At some point during a 9-5 or graveyard shift, you may have wondered how to run a successful small business and be your own boss. It's a worthy thought. And one that bears a lot of consideration before you take the plunge.
Do everything well— marketing, sales, finance, operations, customer service— and reap the benefits of business ownership: independence, self-sufficiency, wealth creation, etc. Make a few missteps in any one of these areas, and the consequences can be devastating: a reduction in income, unmanageable debt, and a drain on your personal well-being.
Your livelihood is a marathon, not a sprint, so you must analyze the long-term risks along with the rewards. Before you make a firm commitment, you'll want to ponder all the prospective peaks and valleys of business ownership.
First, Ask Yourself Some Questions
- Are you willing to commit the time it takes to be successful? You may put in your eight hours and leave the frustrations of the job onsite. However, the first year of business will require many more hours than the 40 you may currently be working.
- Do you have the financial means to live without a paycheck until revenue starts flowing? You'll need to rely on savings for living expenses until you acquire some customers and generate adequate sales. Some lifestyle sacrifices may be necessary until you reach your goals.
- Can you excel at sales, production, service, and all the necessary skills it takes to run a thriving business? Business owners wear a lot of hats. You'll need to multi-task and perform many duties well or delegate those crucial tasks to a partner or key employee.
Some companies are built from the ground up, and others are acquired. In either case, you'll need to perform extensive due diligence.
Buying an existing business is a lot like buying a used car— with many more dollars at stake. You'll want to know everything about the purchase before you pull the trigger. Thus, after you've interviewed yourself, it's time to ask questions of the existing small business owner.
Then, Ask the Seller Many Questions
How did you arrive at the asking price?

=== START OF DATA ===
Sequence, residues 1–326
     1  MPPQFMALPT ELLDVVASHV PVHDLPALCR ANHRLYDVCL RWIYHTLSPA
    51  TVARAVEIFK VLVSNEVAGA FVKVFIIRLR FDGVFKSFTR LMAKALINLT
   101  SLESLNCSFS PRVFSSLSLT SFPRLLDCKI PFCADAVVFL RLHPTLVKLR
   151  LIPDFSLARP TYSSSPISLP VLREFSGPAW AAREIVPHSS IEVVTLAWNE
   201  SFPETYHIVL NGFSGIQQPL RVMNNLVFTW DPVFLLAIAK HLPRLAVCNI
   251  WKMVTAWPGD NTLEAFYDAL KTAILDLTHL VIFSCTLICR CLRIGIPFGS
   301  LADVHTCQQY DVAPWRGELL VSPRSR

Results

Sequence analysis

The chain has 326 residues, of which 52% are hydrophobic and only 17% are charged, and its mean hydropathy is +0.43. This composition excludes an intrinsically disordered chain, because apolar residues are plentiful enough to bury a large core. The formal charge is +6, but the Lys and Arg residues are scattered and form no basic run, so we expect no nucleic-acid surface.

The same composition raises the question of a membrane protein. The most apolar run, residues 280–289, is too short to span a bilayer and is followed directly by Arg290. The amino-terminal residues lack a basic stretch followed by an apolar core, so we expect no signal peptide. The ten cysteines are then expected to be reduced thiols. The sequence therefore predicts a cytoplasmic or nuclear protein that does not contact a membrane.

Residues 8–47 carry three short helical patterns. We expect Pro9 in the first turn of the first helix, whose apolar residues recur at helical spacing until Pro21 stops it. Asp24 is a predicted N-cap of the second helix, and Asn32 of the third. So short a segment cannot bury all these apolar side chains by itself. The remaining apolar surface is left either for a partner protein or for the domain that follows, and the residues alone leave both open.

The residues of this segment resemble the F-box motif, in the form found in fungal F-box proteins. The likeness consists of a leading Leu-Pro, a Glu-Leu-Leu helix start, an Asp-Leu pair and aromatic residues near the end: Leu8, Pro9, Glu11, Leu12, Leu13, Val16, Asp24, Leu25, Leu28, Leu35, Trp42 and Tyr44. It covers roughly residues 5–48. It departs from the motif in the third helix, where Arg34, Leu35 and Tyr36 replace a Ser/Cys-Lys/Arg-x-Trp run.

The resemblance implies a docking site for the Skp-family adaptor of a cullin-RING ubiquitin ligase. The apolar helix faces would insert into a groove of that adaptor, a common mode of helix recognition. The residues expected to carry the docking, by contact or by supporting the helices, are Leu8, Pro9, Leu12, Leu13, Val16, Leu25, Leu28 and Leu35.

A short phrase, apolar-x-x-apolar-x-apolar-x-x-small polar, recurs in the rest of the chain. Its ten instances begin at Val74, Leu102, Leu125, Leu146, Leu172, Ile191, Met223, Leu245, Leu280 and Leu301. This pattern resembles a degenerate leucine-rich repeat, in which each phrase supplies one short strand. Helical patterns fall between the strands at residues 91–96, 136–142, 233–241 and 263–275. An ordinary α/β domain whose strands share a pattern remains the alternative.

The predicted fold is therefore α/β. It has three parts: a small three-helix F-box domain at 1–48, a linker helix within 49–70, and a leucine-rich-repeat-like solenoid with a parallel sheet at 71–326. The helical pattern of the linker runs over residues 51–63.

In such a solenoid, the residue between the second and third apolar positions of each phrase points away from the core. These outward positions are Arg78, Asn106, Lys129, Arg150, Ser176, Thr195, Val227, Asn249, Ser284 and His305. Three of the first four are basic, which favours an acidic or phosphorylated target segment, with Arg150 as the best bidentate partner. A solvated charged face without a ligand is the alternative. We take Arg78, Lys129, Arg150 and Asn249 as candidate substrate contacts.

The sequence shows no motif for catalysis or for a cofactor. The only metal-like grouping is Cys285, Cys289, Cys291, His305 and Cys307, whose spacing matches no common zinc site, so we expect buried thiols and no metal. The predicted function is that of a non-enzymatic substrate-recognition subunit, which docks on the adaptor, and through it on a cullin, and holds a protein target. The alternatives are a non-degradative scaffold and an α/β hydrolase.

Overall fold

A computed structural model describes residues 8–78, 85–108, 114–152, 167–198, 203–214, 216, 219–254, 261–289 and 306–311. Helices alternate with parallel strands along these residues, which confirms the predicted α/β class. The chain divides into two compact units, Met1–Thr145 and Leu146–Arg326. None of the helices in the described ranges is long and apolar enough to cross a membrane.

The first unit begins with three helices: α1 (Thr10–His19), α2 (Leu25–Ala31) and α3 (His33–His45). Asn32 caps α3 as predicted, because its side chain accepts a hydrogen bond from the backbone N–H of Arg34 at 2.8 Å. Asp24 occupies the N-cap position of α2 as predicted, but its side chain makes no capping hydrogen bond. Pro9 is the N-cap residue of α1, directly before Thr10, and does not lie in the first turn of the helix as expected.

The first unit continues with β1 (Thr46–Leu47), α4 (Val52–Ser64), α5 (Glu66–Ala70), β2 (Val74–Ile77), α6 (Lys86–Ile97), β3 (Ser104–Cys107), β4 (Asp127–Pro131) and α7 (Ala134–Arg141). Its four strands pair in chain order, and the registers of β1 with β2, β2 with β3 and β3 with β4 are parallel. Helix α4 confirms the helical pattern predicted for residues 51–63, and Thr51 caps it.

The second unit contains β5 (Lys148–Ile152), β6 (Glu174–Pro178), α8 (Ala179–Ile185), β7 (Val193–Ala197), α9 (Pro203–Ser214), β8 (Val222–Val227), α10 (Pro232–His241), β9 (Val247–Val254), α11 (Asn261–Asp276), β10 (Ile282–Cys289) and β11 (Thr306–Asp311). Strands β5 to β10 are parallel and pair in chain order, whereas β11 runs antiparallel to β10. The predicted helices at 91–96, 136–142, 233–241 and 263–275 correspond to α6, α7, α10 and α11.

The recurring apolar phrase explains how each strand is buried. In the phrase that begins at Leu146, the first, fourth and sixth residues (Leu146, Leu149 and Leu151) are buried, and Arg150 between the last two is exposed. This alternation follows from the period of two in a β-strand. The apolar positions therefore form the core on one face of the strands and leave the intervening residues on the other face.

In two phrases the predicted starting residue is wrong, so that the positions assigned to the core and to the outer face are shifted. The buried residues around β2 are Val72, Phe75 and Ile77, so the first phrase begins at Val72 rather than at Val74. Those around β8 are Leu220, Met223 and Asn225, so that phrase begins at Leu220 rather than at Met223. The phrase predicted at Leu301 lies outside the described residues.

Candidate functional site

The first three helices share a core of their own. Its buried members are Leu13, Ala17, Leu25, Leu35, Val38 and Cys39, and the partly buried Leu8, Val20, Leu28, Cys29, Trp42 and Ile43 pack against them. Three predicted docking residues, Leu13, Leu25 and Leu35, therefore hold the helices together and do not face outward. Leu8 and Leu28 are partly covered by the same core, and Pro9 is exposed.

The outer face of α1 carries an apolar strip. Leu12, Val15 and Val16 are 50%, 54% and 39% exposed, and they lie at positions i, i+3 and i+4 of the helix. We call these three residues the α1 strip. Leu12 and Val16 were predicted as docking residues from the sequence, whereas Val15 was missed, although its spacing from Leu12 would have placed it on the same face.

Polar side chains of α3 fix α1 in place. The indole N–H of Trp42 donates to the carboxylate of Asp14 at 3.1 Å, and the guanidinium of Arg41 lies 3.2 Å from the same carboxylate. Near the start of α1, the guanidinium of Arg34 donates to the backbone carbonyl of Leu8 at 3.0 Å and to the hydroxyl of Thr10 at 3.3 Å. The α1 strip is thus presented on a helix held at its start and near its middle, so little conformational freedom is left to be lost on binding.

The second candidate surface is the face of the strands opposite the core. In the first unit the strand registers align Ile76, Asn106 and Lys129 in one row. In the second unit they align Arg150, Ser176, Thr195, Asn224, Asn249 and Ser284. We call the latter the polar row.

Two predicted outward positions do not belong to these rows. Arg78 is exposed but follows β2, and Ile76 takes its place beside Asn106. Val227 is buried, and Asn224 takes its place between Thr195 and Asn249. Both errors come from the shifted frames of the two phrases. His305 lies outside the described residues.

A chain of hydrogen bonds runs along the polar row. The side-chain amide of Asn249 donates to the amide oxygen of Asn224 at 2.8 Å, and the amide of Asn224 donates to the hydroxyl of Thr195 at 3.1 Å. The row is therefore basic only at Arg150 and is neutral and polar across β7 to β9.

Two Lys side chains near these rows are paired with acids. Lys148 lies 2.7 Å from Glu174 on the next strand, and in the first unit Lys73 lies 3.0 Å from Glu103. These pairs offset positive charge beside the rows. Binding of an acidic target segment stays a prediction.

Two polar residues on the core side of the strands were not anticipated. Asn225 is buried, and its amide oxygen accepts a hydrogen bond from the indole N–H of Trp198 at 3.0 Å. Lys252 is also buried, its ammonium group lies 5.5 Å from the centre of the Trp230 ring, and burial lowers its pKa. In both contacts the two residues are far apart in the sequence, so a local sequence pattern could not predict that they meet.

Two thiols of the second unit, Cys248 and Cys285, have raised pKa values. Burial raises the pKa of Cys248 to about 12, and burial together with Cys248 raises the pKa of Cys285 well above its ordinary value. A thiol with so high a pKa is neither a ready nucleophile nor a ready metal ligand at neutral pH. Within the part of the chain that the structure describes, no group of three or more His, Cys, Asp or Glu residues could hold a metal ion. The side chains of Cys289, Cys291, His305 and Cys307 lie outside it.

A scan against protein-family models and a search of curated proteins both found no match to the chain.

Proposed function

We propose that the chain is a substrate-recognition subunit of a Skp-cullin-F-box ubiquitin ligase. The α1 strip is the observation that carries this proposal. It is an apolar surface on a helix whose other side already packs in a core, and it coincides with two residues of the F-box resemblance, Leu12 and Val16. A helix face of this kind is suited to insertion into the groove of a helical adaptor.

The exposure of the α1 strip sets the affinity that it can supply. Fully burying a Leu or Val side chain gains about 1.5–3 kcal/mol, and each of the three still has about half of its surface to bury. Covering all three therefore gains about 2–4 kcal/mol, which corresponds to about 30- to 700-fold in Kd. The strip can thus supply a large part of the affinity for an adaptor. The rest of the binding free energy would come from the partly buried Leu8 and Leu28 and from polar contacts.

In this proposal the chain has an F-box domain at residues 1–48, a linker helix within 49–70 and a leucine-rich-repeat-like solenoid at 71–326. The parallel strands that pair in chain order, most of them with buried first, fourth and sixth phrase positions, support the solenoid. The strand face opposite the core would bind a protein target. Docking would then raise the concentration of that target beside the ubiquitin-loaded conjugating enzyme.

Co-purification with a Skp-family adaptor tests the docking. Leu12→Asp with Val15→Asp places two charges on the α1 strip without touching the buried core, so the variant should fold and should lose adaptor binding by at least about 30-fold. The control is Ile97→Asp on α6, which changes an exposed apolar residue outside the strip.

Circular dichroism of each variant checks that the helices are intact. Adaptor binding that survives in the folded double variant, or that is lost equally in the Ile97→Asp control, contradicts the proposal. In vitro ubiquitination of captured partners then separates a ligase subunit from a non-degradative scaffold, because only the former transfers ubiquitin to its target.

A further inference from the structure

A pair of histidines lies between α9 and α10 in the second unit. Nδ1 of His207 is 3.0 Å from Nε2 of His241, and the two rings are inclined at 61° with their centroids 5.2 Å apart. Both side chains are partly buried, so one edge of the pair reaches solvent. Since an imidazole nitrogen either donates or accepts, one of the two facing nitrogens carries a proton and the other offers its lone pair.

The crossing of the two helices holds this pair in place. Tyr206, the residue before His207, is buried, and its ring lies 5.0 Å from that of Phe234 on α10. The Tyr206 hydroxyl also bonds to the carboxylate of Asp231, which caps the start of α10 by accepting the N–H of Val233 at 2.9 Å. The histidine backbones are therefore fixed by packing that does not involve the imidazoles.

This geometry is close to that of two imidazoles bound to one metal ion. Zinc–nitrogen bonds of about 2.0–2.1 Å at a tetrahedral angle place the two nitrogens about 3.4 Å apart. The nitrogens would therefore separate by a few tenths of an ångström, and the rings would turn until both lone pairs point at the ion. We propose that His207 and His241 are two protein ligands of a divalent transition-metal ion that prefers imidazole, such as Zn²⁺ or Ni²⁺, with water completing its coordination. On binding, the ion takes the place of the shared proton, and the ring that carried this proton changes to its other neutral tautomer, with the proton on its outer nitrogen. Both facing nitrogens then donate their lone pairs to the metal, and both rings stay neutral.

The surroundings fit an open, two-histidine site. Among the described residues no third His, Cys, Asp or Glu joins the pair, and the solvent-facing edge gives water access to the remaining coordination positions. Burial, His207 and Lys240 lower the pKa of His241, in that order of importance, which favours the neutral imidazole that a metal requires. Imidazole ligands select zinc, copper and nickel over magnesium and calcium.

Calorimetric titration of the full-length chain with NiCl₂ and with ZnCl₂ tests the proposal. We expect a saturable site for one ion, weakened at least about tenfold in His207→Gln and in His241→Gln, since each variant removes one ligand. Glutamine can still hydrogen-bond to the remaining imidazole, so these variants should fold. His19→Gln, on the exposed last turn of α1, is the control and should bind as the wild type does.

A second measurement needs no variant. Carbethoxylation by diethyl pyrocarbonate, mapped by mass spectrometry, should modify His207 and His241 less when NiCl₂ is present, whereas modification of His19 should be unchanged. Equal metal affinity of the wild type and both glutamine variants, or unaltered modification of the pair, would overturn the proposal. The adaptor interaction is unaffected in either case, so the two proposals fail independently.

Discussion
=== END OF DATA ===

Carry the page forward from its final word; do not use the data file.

You'll need to have a good understanding of business valuation, and you may want to tap the expertise of an accountant or consultant.
Many businesses set price as a multiple of revenue or an asset-based formula. If a company pulls in $250,000 in revenue, the asking price may range anywhere from 2-5 times that number, for example. Some sellers may arrive at market value and recent comparable sales in the region may validate the asking price.
Why are you selling?
Some owners may liquidate a business because there simply is no one in the family or organization interested in succeeding them.
And quite frankly, most everyone wants to either retire or try something new. Beware the converse, though. The need to sell may stem from an outmoded product, depleted sales or insurmountable debt, and you'll need to know that before going in or taking a pass on the purchase.
How does your track record look?
No business runs without a few bumps and bruises.
More importantly, you need to ask whether there are major issues forcing the sale. A valued customer may have recently left the fold or poor customer service may have sullied the company's reputation. These are circumstances that may not show up on a balance sheet but will have an impact on a new owner.
You may need to query customers, vendors or suppliers to paint a complete picture of the business condition.
Is there debt on the books?
It's rare that a business will use cash reserves to continually meet all its obligations.
Most companies regularly borrow to finance operations. In an asset sale, for instance, you should have the choice to exclude those liabilities from the purchase or take them on. If you plan to assume the debt as part of the sales agreement, it is prudent to negotiate a lower asking price based on the additional risk you're incurring.
How is the business structured?
Corporations need to file articles of incorporation that should be available for review from the state where the entity does business.
Reviewing these documents should be easy enough, and here's where legal advice is advisable. Sole proprietorship or partnership arrangements may be murky in terms of official documentation. In that case, the existence of a silent partner agreement or undisclosed investor stake could drive up the asking price.
It's also a good idea to check whether or not the company has a business insurance plan set up that you can continue to pay into. If not, arranging insurance for your new entity is an important asset to stay legally protected.
Will you sign a non-compete agreement?
Everyone's reasons vary when selling a business.
Some owners may just want to move on but others might have ulterior motives that could negatively affect your new venture. Many exiting entrepreneurs may look to work or consult for another firm in the same industry, and that move could put a dent in projected revenues.
If competing with you isn't in the cards, then signing a non-compete agreement shouldn't be a problem for the seller.
Buying an existing business is a huge decision and one that can't be taken lightly.
With some expertise, grit, and determination, you'll find there's potentially a lot to gain personally and financially by hanging your own shingle. But first, do your homework. You're not alone in your pursuit, and that can work to your advantage.
More than 10,000 businesses changed hands in 2018, so there is a lot of real-world knowledge out there to guide you on your journey. That trek may be a long and arduous one but worthwhile achievements never come easy. At Next Insurance, we've assisted numerous business owners with pursuing their dreams, and we're here to help you get there as well.